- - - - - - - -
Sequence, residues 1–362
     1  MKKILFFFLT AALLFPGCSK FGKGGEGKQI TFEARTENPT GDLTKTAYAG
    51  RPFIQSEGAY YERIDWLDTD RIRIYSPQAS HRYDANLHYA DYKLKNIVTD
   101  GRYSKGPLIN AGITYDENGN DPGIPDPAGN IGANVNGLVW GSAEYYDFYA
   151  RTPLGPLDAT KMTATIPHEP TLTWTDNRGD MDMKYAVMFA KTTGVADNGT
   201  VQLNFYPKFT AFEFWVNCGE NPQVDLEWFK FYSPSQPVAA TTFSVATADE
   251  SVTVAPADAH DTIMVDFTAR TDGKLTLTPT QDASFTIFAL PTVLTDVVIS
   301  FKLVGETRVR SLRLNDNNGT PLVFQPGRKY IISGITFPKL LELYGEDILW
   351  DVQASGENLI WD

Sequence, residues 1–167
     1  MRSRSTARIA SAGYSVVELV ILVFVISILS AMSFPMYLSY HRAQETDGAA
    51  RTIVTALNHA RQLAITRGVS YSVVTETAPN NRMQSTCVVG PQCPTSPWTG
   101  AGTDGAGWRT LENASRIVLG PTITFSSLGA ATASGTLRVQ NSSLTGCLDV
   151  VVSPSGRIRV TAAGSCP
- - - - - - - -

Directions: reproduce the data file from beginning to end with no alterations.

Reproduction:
Sequence, residues 1–362
     1  MKKILFFFLT AALLFPGCSK FGKGGEGKQI TFEARTENPT GDLTKTAYAG
    51  RPFIQSEGAY YERIDWLDTD RIRIYSPQAS HRYDANLHYA DYKLKNIVTD
   101  GRYSKGPLIN AGITYDENGN DPGIPDPAGN IGANVNGLVW GSAEYYDFYA
   151  RTPLGPLDAT KMTATIPHEP TLTWTDNRGD MDMKYAVMFA KTTGVADNGT
   201  VQLNFYPKFT AFEFWVNCGE NPQVDLEWFK FYSPSQPVAA TTFSVATADE
   251  SVTVAPADAH DTIMVDFTAR TDGKLTLTPT QDASFTIFAL PTVLTDVVIS
   301  FKLVGETRVR SLRLNDNNGT PLVFQPGRKY IISGITFPKL LELYGEDILW
   351  DVQASGENLI WD

Sequence, residues 1–167
     1  MRSRSTARIA SAGYSVVELV ILVFVISILS AMSFPMYLSY HRAQETDGAA
    51  RTIVTALNHA RQLAITRGVS YSVVTETAPN NRMQSTCVVG PQCPTSPWTG
   101  AGTDGAGWRT LENASRIVLG PTITFSSLGA ATASGTLRVQ NSSLTGCLDV
   151  VVSPSGRIRV TAAGSCP